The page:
NOMENCLATURE OF D&D EDITIONS
An Essay by Justin Alexander
I had someone drop me an e-mail requesting a
quick overview of the various editions of D&D. In the context
of the Reactions to
OD&D essays, I thought it might be a useful
reference for people who are a little less familiar with the history of
If you want more details on the history of
D&D, the "Editions
of Dungeons & Dragons"
article at Wikipedia is a
pretty solid resource. If you want an exhaustive detailing of every
single change made between each printing of the early rulebooks, then
is an excellent resource.
The only important thing you need to
here is that D&D split into two separate games in
Dungeons & Dragons and Dungeons & Dragons
(with the latter often being referred to as Basic D&D or
The terms used below are not official, but
they are the most commonly used nomenclature in the fan community.
With the exception of the Rules Cyclopedia,
all of these games were sold as boxed sets.
(Original Dungeons & Dragons, White Box): The original edition
of the game designed by Dave Arneson and Gary Gygax, first published in
1974 as a boxed set comprising three volumes -- Men & Magic,
& Treasure, and Underworld & Wilderness
Adventures. These books would receive various errata in
subsequent printings (with the most notable change being the purging of
references to Tolkien's works following a lawsuit from the Tolkien
Estate), but remained substantially unaltered.
Edition (1977): Published as the Basic Set in 1977.
Eric Holmes is credited as having "edited" the book, but it's actually
a complete re-design and re-edit of the original game.
Edition (1981): A completely revised Basic Rulebook and
a brand new Expert
Rulebook published in 1981. Tom Moldvay is credited for
"editing" the Basic Set.
David Cook and Steven Marsh are credited for "editing" the Expert Set. (I'm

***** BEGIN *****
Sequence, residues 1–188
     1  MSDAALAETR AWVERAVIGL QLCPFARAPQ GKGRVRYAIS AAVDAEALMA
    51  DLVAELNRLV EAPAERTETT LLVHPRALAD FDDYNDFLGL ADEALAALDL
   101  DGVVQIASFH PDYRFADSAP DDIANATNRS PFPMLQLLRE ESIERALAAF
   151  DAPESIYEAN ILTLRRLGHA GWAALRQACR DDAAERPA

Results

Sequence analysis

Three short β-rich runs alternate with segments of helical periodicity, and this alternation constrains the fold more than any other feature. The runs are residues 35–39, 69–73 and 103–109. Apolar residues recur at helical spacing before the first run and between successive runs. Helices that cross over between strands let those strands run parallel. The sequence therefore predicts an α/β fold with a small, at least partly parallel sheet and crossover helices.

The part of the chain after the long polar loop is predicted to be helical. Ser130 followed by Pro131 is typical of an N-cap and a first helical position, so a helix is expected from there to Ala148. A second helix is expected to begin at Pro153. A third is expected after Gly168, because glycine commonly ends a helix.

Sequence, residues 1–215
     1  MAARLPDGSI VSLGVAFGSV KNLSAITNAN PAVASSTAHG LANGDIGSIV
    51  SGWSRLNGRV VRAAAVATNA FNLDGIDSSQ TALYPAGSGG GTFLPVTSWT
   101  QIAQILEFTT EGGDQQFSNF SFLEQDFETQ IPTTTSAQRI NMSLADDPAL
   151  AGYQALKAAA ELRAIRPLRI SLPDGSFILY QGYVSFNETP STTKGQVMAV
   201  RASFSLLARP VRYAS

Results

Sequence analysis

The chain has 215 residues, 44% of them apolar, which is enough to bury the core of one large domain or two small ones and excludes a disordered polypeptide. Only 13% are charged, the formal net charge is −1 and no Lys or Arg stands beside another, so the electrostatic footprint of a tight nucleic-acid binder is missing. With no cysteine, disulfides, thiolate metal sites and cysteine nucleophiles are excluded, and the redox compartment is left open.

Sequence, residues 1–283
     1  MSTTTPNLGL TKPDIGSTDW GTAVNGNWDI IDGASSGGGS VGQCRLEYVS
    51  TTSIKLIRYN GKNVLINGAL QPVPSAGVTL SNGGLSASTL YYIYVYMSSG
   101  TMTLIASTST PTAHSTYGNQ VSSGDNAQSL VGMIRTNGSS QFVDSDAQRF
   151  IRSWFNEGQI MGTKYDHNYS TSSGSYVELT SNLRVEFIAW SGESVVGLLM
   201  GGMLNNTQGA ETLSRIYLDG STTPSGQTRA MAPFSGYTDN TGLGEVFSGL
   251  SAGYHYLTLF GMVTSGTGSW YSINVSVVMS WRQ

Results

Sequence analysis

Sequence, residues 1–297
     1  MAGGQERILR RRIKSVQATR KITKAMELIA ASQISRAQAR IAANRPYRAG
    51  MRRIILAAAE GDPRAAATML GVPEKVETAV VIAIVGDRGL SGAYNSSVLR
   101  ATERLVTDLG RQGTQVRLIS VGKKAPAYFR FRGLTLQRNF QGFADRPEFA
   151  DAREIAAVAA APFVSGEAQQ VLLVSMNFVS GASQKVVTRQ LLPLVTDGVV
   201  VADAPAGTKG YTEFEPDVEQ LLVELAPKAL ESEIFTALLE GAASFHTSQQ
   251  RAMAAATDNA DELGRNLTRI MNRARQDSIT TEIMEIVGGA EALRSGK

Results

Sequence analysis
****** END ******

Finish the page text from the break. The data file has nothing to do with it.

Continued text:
not clear on why Tom Moldvay is usually the only guy who gets credit
for this version of the game. But he is.)
(1983 - 1985): Comprising the Basic
Rules, and Immortal
Rules. (With the exception of the Expert Rules, these
boxed sets each contained two volumes -- one for players and one for
the DM. The first two sets are, once again, completely
sets are variously credited as being "edited", "compiled", or simply
Cyclopedia (1991): A single-volume hardback
collected the BECMI rules with minimal alteration (basically just
applying errata). However, the Rules Cyclopedia
lacked the rules for Immortals (which were published separately as the Wrath of the Immortals
In addition to these rules, a total of five
different Basic Sets were produced between 1991 and 1999 under the
names The Dungeons
& Dragons Game or The Classic Dungeons &
Dragons Game. These all differed from each other in
various ways, but all of them were designed to serve as "teasers" or
"primers" for the Rules
Cyclopedia edition of the game. So if you're considering
distinct iterations of the rules, they can be ignored.
DUNGEONS & DRAGONS
All of these editions were published as
three separate core rulebooks: A Player's
Handbook, a Dungeon
Master's Guide, and a Monster
Manual (the last of these under various titles, as
1st Edition (1977 - 1979): Designed by Gary
original Monster Manual
was published in 1977, followed by the Player's Handbook
in 1978 and the Dungeon
Master's Guide in 1979. These books were re-issued with
new covers in 1983 (which are easily recognizable due to their orange
spines), but were not revised. Also referred to as AD&D1.
Arcana (1985): TSR officially identified Unearthed Arcana as
a core rulebook. Since it included not only expansions but also
alterations in the game, it is sometimes referred to as the Edition 1.5.
2nd Edition (1989): The 2nd Edition was
published in 1989
as the Player's Handbook,
Master's Guide, and Monstrous
Compendium. The re-design is primarily credited to David
"Zeb" Cook. In 1993 the Monstrous
Compendium was replaced with the Monstrous Manual.
In 1995, these books were re-issued with new covers and a new layout
(but no meaningful change to the rules). Also referred to as
Options (1995): Also referred to as Edition
optional core rulebooks known as the Player's Options released in 1995:
& Tactics, Skills
& Powers, and Spells
& Magic. There was also the DM's Option: High Level Campaigns.
3rd Edition (2000): Released as the Player's Handbook, Dungeon Master's Guide,
and Monster Manual.
This edition was designed by Monte Cook, Jonathan Tweet, and Skip
Williams. Also referred to as D&D3 or 3rd Edition.
3.5 (2003): Revised versions of the 3rd
rulebooks. The revision team was Rich Baker, Andy Collins, David
Noonan, Rich Redman, and Skip Williams.
So, if you count the Unearthed Arcana
and Player's Options
as distinct edition, then there have been 10 editions of D&D:
Holmes D&D (1977)
Moldvay D&D (1981)
BECMI / Rules
AD&D 1st Edition (1977)
AD&D 1st Edition + Unearthed
AD&D 2nd Edition (1989)
AD&D 2nd Edition + Player's
D&D 3rd Edition (2000)
D&D 3.5 (2003)
And then, of course, 4th Edition in 2008.